Today’s Topics: Jan. 27, 2021

1. How I Helped My Dad Die 
2. Prue Leith shares her personal story
3. Changes to Hawaii MAiD law considered
4. My Life My Choice 

Message: 1

How I Helped My Dad Die
Bloomberg Businessweek
By Esme E. Deprez, Jan. 27, 2021

In this lengthy article, the author tells the tale of her father, a
distinguished and athletic epidemiologist, whose 75-year-old body,
ravaged by ALS (amyotrophic lateral sclerosis, or motor neurone
disease), led him to become only the second resident of the Maine to
take advantage of that U.S. state’s newly passed medical aid in dying
law.  “He’d always said he’d sooner disappear into the woods with his
Glock than end up on a ventilator or a feeding tube, alone in an
institution.  The law provided a more palatable path.”

The author provides an overview of aid in dying laws around the world,
talks about Final Exit Network and Dignitas, and notes how “Most
Americans support giving terminally ill individuals the choice to stop
living.  Gallup says solid majorities have done so since 1990 (ranging
from 64% to 75%, up from 37% when it first polled on the issue in

Highlighting the ethical principle that helping one’s loved ones have
a peaceful passing, the author concludes, “It turns out he was
teaching me until the end. I couldn’t change my dad’s decision about
how and when to die.  Nor could I honor his right to be in control
without surrendering my own. So I helped the man who’d brought me into
this world to leave it.”

The full article is at this link. An inexpensive short-term
subscription may be required:

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Prue Leith interview on British network ITV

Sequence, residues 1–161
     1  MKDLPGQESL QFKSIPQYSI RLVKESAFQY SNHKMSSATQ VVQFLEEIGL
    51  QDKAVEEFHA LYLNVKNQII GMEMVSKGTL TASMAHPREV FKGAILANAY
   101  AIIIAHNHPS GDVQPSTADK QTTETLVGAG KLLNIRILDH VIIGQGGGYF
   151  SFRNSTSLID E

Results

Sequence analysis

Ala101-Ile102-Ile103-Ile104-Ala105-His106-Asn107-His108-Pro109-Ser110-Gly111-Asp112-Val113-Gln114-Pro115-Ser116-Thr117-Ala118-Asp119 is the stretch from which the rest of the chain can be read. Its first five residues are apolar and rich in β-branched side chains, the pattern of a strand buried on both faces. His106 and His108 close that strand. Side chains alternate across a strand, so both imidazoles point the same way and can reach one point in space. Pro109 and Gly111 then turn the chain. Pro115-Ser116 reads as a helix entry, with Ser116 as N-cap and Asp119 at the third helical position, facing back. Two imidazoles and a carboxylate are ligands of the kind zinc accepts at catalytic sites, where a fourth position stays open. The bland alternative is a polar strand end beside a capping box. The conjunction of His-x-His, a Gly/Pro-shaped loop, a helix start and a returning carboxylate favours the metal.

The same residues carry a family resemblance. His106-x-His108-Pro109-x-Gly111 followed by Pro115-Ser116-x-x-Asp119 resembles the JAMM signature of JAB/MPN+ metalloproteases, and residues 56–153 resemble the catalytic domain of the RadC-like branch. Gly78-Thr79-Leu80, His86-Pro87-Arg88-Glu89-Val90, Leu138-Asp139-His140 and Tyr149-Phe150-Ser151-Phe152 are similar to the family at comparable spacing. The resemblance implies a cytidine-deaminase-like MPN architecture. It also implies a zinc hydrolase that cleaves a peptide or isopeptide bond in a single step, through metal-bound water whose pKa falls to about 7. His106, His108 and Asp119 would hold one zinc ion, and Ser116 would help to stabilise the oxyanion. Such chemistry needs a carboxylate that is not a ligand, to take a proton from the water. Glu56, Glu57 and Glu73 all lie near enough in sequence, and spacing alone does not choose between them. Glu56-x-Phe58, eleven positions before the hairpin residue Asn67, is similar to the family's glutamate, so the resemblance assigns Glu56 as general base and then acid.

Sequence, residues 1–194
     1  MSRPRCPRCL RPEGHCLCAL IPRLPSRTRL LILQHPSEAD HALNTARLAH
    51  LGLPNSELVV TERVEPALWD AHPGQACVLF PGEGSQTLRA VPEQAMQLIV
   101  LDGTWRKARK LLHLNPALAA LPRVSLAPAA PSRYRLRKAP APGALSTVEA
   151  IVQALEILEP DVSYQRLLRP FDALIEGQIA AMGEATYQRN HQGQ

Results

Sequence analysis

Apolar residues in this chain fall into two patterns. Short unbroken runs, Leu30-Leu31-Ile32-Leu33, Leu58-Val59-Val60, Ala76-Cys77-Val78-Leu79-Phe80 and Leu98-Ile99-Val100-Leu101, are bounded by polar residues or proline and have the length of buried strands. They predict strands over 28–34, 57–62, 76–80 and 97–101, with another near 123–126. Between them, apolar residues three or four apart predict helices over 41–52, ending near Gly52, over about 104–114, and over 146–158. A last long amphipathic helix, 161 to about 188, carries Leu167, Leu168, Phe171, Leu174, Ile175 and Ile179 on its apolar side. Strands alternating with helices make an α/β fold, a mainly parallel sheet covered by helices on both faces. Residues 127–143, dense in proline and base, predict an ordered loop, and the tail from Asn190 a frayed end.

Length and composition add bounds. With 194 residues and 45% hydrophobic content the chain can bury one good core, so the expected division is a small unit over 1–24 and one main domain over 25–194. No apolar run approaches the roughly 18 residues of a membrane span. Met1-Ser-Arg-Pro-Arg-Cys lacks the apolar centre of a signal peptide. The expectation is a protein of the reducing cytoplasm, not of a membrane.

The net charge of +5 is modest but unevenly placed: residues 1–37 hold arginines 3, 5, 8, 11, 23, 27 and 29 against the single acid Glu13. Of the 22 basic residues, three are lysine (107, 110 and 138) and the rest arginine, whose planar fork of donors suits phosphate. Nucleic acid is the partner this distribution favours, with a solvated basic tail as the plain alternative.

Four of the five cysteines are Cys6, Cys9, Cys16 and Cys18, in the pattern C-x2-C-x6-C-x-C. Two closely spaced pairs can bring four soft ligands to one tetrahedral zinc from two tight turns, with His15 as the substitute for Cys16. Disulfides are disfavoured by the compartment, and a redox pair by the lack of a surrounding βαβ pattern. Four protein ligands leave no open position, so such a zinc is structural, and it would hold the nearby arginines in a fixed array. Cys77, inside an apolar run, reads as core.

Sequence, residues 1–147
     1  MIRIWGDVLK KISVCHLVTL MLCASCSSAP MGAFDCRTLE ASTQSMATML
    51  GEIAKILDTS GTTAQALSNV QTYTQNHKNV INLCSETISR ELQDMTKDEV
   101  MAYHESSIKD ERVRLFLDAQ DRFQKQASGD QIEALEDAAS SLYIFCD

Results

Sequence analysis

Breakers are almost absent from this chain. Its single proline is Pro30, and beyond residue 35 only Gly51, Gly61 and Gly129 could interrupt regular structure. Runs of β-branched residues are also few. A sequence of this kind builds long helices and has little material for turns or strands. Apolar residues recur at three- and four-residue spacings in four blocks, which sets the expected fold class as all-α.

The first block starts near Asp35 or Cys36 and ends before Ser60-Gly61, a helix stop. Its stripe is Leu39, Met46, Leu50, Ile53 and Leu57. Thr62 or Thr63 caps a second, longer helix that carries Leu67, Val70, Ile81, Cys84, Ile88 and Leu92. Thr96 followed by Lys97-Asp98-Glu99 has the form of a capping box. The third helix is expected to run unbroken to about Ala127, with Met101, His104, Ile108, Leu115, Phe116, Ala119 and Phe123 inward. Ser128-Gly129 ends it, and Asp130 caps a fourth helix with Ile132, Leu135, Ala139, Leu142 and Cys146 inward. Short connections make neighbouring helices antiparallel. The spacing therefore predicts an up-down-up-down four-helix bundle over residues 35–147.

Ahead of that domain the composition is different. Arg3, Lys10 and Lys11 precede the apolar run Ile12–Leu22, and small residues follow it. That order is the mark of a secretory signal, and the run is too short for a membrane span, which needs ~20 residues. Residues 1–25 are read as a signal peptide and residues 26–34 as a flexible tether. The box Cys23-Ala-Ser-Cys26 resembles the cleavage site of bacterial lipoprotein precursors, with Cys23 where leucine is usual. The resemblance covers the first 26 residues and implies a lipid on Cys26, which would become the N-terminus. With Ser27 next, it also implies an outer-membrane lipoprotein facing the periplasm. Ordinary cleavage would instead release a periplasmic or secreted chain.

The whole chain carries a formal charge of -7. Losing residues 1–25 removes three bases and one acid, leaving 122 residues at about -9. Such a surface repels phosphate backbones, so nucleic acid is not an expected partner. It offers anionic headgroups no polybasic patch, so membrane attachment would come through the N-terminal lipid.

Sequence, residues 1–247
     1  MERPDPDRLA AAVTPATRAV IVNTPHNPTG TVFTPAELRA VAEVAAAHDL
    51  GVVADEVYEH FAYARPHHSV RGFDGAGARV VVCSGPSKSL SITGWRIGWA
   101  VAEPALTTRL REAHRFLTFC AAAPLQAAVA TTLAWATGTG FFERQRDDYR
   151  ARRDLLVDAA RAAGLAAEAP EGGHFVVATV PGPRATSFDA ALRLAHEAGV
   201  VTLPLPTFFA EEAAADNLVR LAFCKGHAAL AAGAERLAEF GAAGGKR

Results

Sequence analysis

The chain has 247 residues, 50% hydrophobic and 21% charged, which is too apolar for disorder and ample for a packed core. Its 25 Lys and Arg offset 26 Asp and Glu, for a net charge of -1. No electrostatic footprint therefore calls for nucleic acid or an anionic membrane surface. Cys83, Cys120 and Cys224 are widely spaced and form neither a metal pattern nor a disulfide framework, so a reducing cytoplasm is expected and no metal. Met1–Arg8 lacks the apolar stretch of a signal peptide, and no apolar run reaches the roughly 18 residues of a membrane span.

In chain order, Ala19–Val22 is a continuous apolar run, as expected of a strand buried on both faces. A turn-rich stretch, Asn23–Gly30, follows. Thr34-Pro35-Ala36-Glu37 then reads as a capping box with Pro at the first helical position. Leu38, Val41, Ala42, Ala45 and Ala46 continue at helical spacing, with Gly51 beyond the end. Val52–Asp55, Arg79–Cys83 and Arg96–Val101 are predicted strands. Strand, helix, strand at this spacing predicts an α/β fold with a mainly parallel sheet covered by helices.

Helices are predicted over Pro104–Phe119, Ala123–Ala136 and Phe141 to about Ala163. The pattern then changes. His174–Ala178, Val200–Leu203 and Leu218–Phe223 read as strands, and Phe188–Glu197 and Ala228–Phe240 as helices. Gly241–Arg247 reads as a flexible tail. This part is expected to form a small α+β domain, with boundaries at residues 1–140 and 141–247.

The U.K. group Dignity in Dying has tweeted a powerful video by Prue
Leith which appeared on the British television channel ITV, describing
the suffering her brother went through as he died of bone cancer.  Ms.
Leith is a famed British-South African restaurateur, chef, caterer,
television presenter/broadcaster, businesswoman, journalist, cookery
writer and novelist. She is Chancellor of Queen Margaret University,
Edinburgh. She also co-hosts, with Paul Hollywood, The Great British
Baking Show.

The 1 minute 40 second clip, which was tweeted on January 18, had been
seen by more than 9700 people by January 29.  “My brother died in
hospital.  He had bone cancer.  Bone cancer is unbelievably
painful…He was in agony.  And in the end …he died of pneumonia ..
And that is a horrible death too, because you drown in your own

Dignity In Dying notes that, “Having watched her brother die a painful
death from bone cancer,
@prueleith is passionate that everyone should have the right to decide
how they die.”

Watch the clip on Twitter at:

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A solution to Our Care, Our Choice Act problem
West Hawaii Today
By Caroline Kunitake, Jan. 29, 2021

“The Our Care, Our Choice Act has been in effect in Hawaii for over
two years now. Yet many eligible terminally ill patients are having
trouble accessing the law, causing needless suffering…

“Senate Bill 839/House Bill 487 has a solution to this problem…”

The bill would a) extend nurse practitioners’ scope of practice to
support patients who choose MAiD, and b) waive the waiting period if
the patient is not likely to survive the mandatory waiting period.

Read more at:

Message: 4

My Life My Choice (Queensland, Australia)
Newsletter, Jan. 2021

The masthead of the January newsletter of the Australian group My Life
My Choice reads, “A newsletter produced for the dominant purpose of
educating and raising awareness of the need for voluntary assisted
dying reform in Queensland.”  The headline: “Tell Your State MP:  It’s
My Law,” with a subhead of “This time they must vote for you.”  The
graphic shows the powerful slogan, “It’s MY LIFE, It’s MY CHOICE, and
I want MY LAW.” Interior pages highlight strong support for voluntary
assisted dying in New South Wales, support by Australian doctors for
VAD, progress on Spain’s proposed new law, and other updates

Read more at: